Mugs was my faithful companion, at least when I was moving pipe across the pasture. The cattle cropped that grass short enough that moving pipe was easier and Mugs could roam around without getting very wet. One day, he started a furious barking and yelping about forty yards from where I was trudging along with a pipe. I wasn’t too concerned at first, but when his tone became more desperate, I put down the pipe and went to investigate. I found Mugs standing over the body of a dead skunk, whimpering, but proud of his kill. He’d been thoroughly sprayed during the encounter, but hadn’t given up. I shook my head with grudging respect for his stubborn determination, but it wasn’t very bright.
“You dumb dog! Don’t you know enough to leave a skunk alone? I hope you learned your lesson.”

I was more exasperated than angry; skunks were common in our area and we considered them an unpleasant nuisance. The problem was my poor pitiful dog, eyes squeezed shut in pain and reeking of skunk spray. He rolled and rubbed his muzzle on the ground, but to little avail. We still had to finish moving pipe, but then I took Mugs home and put him into a washtub of warm water. I did my best with liquid dishwashing soap, gagging and retching all the while. Mugs endured my efforts stoically, accepting that he was to blame and that I was only trying to help. I even tried using some canned tomato juice that I swiped from the cupboard. It annoyed my mother when she found out, but it didn’t really help Mugs very much. The only real cure for a case of skunk is time and distance.

Mugs was actually very smart and I thought he would surely learn to avoid skunks in the future, but he couldn’t let it go. That skunk had ignited a burning hatred that wouldn’t die and couldn’t be ignored. A few days later I heard him going after another one while we were out moving pipe again.

“Mugs, you stupid dog, get away from that skunk!”

I was sure that he’d get himself sprayed again, but I should have had more faith. This time he knew what a skunk could do and which end did it. When I arrived on the scene, he was dancing circles around the irritated skunk, making sure that he avoided the ‘business end’. The skunk wasn’t sure which one of us to aim for and just sort of froze halfway between. Mugs looked at me expectantly and barked, feinted a couple of steps toward the skunk, then looked at me again. He could hardly have been more clear about what he wanted.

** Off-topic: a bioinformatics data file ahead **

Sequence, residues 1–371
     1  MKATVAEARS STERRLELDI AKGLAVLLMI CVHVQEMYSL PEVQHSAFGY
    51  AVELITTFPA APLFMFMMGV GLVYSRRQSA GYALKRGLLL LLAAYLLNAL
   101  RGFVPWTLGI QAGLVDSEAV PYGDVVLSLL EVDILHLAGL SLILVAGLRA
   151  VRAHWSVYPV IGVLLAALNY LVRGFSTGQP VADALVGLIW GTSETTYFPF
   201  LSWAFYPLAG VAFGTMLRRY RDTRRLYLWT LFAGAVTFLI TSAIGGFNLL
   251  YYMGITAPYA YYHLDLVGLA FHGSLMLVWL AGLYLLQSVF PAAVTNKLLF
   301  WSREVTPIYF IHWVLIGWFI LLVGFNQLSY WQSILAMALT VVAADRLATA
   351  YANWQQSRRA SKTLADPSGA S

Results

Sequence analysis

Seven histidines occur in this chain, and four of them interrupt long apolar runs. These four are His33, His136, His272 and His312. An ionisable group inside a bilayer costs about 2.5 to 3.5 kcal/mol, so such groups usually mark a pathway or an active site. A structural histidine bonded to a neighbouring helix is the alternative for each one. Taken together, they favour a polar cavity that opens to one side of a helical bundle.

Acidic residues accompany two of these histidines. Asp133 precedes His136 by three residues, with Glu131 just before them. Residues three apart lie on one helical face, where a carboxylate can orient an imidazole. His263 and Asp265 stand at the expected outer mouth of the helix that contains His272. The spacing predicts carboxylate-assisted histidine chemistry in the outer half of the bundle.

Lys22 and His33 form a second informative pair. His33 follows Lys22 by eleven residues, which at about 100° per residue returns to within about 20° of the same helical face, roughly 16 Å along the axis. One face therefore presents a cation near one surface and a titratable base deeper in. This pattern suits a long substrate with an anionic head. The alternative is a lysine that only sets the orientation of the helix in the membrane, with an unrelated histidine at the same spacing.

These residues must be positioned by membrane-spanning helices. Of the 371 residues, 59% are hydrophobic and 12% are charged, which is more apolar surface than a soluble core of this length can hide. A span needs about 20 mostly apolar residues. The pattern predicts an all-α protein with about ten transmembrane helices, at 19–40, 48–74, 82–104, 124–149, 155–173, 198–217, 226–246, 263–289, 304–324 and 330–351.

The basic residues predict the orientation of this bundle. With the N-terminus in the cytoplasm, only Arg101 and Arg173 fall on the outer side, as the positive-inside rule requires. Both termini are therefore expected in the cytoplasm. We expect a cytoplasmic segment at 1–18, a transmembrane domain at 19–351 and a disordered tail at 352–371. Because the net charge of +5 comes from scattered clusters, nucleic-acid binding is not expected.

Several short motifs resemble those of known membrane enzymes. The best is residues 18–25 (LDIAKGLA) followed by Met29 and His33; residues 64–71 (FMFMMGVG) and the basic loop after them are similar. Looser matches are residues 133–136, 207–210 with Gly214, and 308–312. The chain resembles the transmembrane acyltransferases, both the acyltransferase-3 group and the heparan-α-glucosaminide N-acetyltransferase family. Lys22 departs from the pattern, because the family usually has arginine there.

“Yeah right, there’s no way I’m gonna mess with that skunk.”

Mugs kept circling the skunk as I backed away and called him, hoping he’d give it up. But he continued to bark and feint, using his eyes to plead with me for help. Finally, I came up with an idea. Throwing rocks was a standard pastime for us country kids and I was pretty accurate. There were some chunks of dried mud nearby that were conveniently sized and I decided to give it a try. It took only a couple of throws to get the range and for Mugs to catch on to my plan. Skunks aren’t all that large under their thick fur and bushy tails. A direct hit knocked that skunk off its feet and Mugs had it by the throat in about a tenth of a second. He shook it like a rag doll and then dropped the limp carcass back on the ground. He trotted toward me in glorious triumph, grinning his thanks for my help.

“Okay, you got your revenge, let’s call it even.”

But Mugs wasn’t satisfied with even. He couldn’t rest until his entire world was skunk-free. And training me was the key to his success. I soon realized that a 30-foot sprinkler pipe would work even better than a dirt clod to overturn a skunk. And every time I knocked one off its feet, it took only a fraction of a second for Mugs to finish the grisly job.

It turned out to be quite a summer. I’d never realized the size of the local skunk population. The ones that we saw smushed on the road were only the tip of the iceberg. Mugs did his best to whittle down their numbers. He developed his own special bark for a skunk sighting, and I learned to come when called. Mugs killed more than a dozen skunks over the course of that summer, and I could almost picture him carving notches on his doghouse wall.

It wasn’t always an unqualified success. Sometimes I missed my mark a bit, and sometimes the skunk was too quick and agile. Almost all of the skunks managed to release a final, desperate volley. The overspray would sometimes reach Mugs or drift my way, but he was never again as bad off as that first time. As for me, I often had to leave my shoes outside (and sometimes my pants), but I was a very good boy and always performed my human trick on-command.

Author's note: